Exclusive interview with MEP Alin Mituța: Conference on the Future of Europe

The Conference on the Future of Europe (CoFoE) is expected to come to an end by spring 2022. Half-way through this deliberative democracy exercise, there are still questions and uncertainty regarding what the final outcome will be.

VoteWatch Europe has carried out several interviews as part of a series of materials about the Conference, covering the insights of Green/EFA MEPs Eleonora Evi, from Italy, (here) and Damian Boeselager, from Germany, (here).

Today, we present an exclusive interview with MEP Alin Mituța, who is a member of the Delegation to the Conference on the Future of Europe from Renew Europe.

Votewatch: Before the conferences and debates began, there were some worries as to whether the results of the CoFoE would not live up to the expectations. As a member of the delegation and having an insider perspective, do you share this concern or are you more optimistic?

Alin Mituța: There is, indeed, a lot of resistance to change in the EU, especially from some Member States. Unfortunately, I also see a lack of real political leadership and commitment on the side of the Commission on the issue of the Conference. I did expect much more from President von der Leyen and I still hope that she will eventually put her weight behind the conclusions of the Conference.

Just before the start of the Conference, a letter came from a group of Member States asking that changes of the Treaties be ruled out from the scope of the Conference. That is not a very open way to start a consultation process with European citizens with the hope of changing how some things work in the EU. We knew from the very beginning that we needed to have a strong engagement from the citizens in order to surpass this resistance. Citizens and civil society organisations needed and still need to get involved and speak their minds about the EU regarding health care or education, or about protecting the climate. When the voice of citizens is loud and clear, no politician can say otherwise.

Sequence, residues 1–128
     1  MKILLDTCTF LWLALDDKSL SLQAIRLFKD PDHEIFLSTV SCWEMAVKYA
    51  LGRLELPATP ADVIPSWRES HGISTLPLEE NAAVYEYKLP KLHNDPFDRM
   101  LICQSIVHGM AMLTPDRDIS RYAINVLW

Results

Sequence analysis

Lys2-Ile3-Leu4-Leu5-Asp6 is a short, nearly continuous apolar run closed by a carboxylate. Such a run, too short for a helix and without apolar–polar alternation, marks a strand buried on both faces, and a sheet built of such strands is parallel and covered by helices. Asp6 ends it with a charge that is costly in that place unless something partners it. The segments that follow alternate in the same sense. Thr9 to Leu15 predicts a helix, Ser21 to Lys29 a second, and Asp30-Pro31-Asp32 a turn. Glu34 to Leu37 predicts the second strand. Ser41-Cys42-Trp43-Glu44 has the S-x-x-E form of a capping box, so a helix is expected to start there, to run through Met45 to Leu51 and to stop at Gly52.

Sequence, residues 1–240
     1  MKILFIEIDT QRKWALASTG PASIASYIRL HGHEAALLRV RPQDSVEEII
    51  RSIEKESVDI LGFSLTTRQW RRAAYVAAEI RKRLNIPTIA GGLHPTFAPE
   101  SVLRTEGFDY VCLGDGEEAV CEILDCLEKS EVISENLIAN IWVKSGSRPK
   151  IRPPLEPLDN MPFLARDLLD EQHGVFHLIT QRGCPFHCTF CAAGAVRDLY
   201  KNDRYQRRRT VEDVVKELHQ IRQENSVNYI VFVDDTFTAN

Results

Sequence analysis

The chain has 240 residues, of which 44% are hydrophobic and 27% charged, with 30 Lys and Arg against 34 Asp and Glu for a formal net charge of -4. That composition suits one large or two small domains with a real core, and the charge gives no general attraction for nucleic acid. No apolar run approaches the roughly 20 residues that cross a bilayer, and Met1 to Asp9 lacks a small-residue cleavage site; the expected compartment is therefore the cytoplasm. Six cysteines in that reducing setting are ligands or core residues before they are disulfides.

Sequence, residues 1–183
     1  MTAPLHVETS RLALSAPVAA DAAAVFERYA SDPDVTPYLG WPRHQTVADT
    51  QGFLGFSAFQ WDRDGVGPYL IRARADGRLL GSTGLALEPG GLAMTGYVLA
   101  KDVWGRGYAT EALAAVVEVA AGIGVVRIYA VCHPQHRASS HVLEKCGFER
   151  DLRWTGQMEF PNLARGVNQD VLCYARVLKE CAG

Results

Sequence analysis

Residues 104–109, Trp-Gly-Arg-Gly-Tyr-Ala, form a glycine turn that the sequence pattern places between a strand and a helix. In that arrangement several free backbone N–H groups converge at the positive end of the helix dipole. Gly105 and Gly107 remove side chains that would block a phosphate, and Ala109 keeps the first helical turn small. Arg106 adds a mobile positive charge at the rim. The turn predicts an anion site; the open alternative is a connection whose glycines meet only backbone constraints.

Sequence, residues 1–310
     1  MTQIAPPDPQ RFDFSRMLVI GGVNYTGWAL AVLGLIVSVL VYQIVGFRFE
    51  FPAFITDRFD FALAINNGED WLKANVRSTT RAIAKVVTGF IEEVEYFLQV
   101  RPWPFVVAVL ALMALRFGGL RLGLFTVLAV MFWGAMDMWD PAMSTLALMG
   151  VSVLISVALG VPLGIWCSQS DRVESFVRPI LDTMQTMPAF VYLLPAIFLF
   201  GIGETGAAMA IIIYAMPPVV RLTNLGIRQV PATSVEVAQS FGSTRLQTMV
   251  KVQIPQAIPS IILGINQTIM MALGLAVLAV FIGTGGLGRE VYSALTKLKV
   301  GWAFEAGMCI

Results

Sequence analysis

Citizens who want change have a strong ally in the European Parliament and especially from my group, Renew Europe, which is pushing hard for real reforms. I am moderately confident that this view will prevail as I can see this high level of ambition is also strongly supported by the Citizens Agoras.

Votewatch: CoFoE is expected to end by spring 2022. There have been concerns that this time limit might not allow the conference to deliver results, and proposals to extend the conference’s calendar. From your point of view, do you reckon it should be extended?

Alin Mituța: Regarding the calendar of the Conference, I think we should have a balance between the need to deliver results and the need to have a clear and transparent calendar.

First of all, extending the calendar of the Conference too much will affect the capacity of the Conference to deliver results. We need to have a deadline in order to start putting proposals on the table and in the report. If we do not have an ending in sight we will not feel the urgency to do so, and if there is something that will for sure kill the Conference, it is endless talks without clear results and proposals.

On the other hand, we have to consider what is happening with the pandemic. As we can see, the December Plenary Session has been postponed. So, we also need to be flexible. In the end, our main purpose is to deliver results, and for doing so we have to find the right balance between flexibility and clarity when it comes to the calendar.

Moreover, I want to make another point. Although this Conference needs to have a deadline in order to deliver results, I believe that we should take the example of COFOE and transform it into a permanent mechanism of consultations with citizens, in other words, an Annual European Citizens Agora.

This is one of my proposals in the Plenary. The Joint Declaration on the Conference on the Future of Europe argues that European citizens must gain new opportunities to express themselves on the European stage. So, we need to think of ways for citizens to do that not only every five years, or on a special occasion, as COFOE is, but annually. Such an Agora could work in close connection with the consultation mechanism that leads to the establishment of the annual Work Programme of the Commission. Citizens need to be involved in this.